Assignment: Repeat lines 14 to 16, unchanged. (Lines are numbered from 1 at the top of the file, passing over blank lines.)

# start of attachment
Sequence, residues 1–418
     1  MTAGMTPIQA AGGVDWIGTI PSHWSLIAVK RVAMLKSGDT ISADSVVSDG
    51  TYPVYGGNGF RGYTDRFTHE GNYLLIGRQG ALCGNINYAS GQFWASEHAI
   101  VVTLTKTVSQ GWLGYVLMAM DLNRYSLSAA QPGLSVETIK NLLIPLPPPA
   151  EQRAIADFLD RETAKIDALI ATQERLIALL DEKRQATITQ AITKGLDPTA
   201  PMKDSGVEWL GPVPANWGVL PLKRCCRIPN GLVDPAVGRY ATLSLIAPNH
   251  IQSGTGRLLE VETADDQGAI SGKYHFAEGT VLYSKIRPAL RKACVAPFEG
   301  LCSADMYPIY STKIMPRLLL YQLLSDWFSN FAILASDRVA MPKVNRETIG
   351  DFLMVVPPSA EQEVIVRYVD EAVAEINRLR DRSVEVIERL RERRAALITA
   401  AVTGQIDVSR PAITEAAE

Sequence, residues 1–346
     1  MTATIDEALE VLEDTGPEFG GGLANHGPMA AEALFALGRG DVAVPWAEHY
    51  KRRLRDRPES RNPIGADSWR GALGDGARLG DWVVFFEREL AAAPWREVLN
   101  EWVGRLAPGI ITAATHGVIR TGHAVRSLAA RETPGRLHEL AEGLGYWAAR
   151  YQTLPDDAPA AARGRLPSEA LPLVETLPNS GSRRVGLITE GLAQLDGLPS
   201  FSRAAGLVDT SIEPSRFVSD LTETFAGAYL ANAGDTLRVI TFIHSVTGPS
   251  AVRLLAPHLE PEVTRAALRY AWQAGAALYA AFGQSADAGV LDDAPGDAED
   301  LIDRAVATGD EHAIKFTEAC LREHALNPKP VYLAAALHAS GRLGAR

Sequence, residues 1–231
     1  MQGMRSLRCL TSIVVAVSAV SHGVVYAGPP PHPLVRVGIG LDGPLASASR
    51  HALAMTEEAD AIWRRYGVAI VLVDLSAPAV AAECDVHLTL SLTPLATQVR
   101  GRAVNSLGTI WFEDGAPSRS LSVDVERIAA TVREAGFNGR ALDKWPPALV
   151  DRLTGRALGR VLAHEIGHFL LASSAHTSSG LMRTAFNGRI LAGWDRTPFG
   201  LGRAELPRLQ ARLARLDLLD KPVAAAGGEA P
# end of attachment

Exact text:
   101  EWVGRLAPGI ITAATHGVIR TGHAVRSLAA RETPGRLHEL AEGLGYWAAR
   151  YQTLPDDAPA AARGRLPSEA LPLVETLPNS GSRRVGLITE GLAQLDGLPS
   201  FSRAAGLVDT SIEPSRFVSD LTETFAGAYL ANAGDTLRVI TFIHSVTGPS